Journal of Medical Systems

, 39:132 | Cite as

Mobile Monitoring Framework to Design Parameterized and Personalized m-Health Applications According to the Patient’s Diseases

  • Vladimir Villarreal
  • Ramon Hervas
  • Jesus Fontecha
  • Jose Bravo
Mobile Systems
Part of the following topical collections:
  1. UCAmI & IWAAL 2014


The development of personalized mobile monitoring applications is a complex work. Currently, the most of applications for patients monitoring through mobile devices, is not developed considering the particular characteristics of each patient, but these applications have been developed taking into account a general behavior depending on the diseases instead of the own patients. The diseases manifest different symptoms depending on the patient situation. Mary and John (hypothetic patients) have diabetes, but the same measurement of glucose for each one affects their health in a different way. This paper describes a framework that allows the development of mobile applications, personalized for each patient, in such a way that even if they have the same disease, the application will respond to the individual needs of each patient.


Mobile monitoring m-health Chronic diseases Adaptive framework 



This work has been supported by Secretaría Nacional de Ciencia y Tecnología (SENACYT) and Instituto para la Formación y Aprovechamiento de los Recursos Humanos (IFARHU) (Panama).


  1. 1.
    BOSCH. Health buddy system. Last access 2012, from, 2011.
  2. 2.
    AirStrip, T., AirStrip patient monitoring. Last access 2011, from, 2011.
  3. 3.
    WellDoc. WellDoc Health Platform. Last access 2012, from, 2011.
  4. 4.
    Georga, E., and Protopappas, V., et al., Data mining for blood glucose prediction and knowledge discovery in diabetic patients: The METABO diabetes modeling and management system. In: Engineering in Medicine and Biology Society, 2009. Annual International Conference of the IEEE, 2009.Google Scholar
  5. 5.
    Georgia Institute of Technology. AWARE HOME. Available online: (accessed on 10 December 2011).
  6. 6.
    Kientz, J. A., Patel, S. N., Jones, B., Price, E., Mynatt, E. D., Abowd, G. D., The Georgia tech aware home. In: Proceedings of CHI08 Extended Abstracts on Human Factors in Computing Systems, Florence, Italy, 5–10 April 2008; pp. 3675–3680.Google Scholar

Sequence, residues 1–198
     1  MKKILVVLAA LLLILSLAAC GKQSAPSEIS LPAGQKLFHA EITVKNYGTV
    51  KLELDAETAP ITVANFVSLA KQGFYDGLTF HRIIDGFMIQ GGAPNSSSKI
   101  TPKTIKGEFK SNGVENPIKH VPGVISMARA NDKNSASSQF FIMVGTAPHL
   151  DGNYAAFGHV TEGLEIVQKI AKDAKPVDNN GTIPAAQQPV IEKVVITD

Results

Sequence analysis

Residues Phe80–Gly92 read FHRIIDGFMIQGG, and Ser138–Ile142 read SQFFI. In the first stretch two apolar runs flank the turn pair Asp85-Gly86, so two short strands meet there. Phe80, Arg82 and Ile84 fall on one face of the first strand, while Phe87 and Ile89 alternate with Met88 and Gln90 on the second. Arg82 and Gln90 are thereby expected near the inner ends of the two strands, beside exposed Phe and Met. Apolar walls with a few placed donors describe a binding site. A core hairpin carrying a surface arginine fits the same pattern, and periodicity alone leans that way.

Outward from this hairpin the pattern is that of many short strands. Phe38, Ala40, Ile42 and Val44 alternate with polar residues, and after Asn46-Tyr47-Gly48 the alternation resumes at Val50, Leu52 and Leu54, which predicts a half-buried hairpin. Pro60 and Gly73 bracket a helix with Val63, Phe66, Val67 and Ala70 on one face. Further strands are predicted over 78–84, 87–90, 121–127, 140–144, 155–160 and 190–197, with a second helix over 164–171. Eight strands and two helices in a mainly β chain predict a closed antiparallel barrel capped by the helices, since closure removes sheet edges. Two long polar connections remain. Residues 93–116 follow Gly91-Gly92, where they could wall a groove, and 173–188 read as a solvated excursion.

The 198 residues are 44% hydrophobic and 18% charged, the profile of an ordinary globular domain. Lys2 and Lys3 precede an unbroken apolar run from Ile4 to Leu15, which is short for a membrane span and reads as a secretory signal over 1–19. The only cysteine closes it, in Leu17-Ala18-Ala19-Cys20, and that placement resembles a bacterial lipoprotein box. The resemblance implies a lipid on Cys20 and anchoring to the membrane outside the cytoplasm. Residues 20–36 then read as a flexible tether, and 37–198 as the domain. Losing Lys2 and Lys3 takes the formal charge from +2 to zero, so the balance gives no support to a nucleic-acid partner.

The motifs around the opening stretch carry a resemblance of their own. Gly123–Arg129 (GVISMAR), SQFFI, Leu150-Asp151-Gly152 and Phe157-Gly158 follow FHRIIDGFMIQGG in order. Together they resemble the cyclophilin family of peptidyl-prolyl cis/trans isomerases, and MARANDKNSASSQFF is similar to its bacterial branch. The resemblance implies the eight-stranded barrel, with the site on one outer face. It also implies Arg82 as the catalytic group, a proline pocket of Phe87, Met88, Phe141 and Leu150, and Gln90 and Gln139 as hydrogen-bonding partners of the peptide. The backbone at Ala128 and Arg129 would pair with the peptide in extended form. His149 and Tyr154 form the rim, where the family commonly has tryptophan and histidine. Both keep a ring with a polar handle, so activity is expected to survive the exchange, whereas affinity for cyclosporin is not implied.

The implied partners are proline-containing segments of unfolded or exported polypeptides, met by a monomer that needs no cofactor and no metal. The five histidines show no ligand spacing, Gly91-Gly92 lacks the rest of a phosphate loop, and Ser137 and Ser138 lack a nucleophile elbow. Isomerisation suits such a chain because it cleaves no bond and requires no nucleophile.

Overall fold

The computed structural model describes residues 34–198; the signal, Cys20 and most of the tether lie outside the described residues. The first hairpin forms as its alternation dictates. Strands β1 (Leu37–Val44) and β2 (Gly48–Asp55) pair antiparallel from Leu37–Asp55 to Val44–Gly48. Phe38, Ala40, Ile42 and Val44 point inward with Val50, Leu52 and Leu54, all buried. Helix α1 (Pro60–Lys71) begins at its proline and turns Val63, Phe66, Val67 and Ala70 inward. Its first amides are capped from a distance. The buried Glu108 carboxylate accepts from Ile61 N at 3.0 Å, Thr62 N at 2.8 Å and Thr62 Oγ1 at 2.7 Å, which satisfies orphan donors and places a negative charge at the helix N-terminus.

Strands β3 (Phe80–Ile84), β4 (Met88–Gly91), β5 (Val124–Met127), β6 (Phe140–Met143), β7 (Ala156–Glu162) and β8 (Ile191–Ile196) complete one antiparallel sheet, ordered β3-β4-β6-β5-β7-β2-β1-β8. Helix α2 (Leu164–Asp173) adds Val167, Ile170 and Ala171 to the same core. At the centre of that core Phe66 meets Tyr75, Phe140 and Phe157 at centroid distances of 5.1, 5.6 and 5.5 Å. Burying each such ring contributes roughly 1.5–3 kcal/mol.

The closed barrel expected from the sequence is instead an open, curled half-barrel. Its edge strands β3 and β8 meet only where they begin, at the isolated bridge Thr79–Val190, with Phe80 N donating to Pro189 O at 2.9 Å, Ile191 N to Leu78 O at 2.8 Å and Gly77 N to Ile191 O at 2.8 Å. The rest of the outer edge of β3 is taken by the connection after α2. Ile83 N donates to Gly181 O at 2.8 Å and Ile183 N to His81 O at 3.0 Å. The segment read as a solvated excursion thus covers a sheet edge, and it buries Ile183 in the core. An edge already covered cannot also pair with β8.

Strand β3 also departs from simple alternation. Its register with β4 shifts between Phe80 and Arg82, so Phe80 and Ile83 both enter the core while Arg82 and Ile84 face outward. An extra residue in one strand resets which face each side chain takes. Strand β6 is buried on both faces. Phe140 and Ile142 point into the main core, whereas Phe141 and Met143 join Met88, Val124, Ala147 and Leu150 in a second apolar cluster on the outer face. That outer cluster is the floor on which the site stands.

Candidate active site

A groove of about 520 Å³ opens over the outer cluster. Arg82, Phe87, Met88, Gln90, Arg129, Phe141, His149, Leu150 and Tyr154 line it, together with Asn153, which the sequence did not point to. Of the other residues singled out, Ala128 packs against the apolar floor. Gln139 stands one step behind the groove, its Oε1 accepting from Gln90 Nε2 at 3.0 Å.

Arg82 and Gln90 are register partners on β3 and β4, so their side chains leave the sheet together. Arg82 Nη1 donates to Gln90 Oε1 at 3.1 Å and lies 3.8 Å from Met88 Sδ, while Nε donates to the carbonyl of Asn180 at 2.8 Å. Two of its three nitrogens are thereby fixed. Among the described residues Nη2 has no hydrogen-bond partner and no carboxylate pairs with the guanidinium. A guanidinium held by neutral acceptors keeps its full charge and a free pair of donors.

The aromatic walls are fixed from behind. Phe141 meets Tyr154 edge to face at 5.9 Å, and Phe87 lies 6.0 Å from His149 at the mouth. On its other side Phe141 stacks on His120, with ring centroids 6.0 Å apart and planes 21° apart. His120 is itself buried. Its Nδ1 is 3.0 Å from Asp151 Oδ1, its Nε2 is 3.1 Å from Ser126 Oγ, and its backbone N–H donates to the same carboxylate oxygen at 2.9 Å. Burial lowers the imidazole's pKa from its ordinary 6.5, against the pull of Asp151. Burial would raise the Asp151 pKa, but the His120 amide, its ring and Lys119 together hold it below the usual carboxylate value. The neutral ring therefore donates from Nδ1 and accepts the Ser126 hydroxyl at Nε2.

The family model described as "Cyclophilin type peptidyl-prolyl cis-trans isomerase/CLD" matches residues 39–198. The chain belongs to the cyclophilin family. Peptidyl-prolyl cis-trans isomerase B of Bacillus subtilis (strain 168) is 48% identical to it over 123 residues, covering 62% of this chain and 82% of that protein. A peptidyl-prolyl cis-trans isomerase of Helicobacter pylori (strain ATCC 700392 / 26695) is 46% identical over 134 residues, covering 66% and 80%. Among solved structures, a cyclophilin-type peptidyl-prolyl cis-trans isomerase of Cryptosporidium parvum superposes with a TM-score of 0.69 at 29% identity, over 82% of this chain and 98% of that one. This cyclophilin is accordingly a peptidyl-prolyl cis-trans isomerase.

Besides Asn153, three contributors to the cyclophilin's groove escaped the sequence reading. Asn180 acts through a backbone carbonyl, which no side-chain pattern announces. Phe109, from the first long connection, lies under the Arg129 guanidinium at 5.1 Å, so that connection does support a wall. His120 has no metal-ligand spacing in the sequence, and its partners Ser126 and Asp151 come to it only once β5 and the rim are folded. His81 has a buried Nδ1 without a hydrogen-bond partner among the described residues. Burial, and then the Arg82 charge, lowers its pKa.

7. 7.
    Choi, M., Jones, B. D., Remote home health monitoring management using smartphones; Poster Presented at mHealth Summit 2010, Washington, DC, USA, 8–10 November, 2010.Google Scholar
  8. 8.
    University of Virginia. Smart IN-HOME Monitoring System. Available online: (accessed on 5 November 2011).
  9. 9.
    Villarreal, V., Hervás, R., Fdez, A. D., Bravo, J., Applying ontologies in the development of patient mobile monitoring framework. In: 2nd International Conference on e-Health and Bioengineering - EHB 2009. Constata, Romania: IEEE, 2009.Google Scholar
  10. 10.
    Villarreal, V., Laguna, J., López, S., Fontecha, J., Fuentes, C., Hervás, R., López de Ipiña, D., Bravo, J., A proposal for Mobile Diabetes Self-Control: Towards a Patient Monitoring Framework. In: International Workshop of Ambient Assisted Living, IWAAL’09. Salamanca, Spain: LNCS Springer-Velarg, 2009.Google Scholar
  11. 11.
    Villarreal, V., et al., Diabetes patients’ care based on mobile monitoring. In: IADIS International Conference, APPLIED COMPUTING 2009. Rome, Italy, 2009.Google Scholar

Copyright information

© Springer Science+Business Media New York 2015

Authors and Affiliations

  • Vladimir Villarreal
    • 1
  • Ramon Hervas
    • 2
  • Jesus Fontecha
    • 2
  • Jose Bravo
    • 2
  1. 1.GITCE Research Lab; Systems and Computer Engineering FacultyTechnological University of PanamaPanamaPanama
  2. 2.MamI Research LabCastilla La Mancha UniversityCiudad RealSpain

Personalised recommendations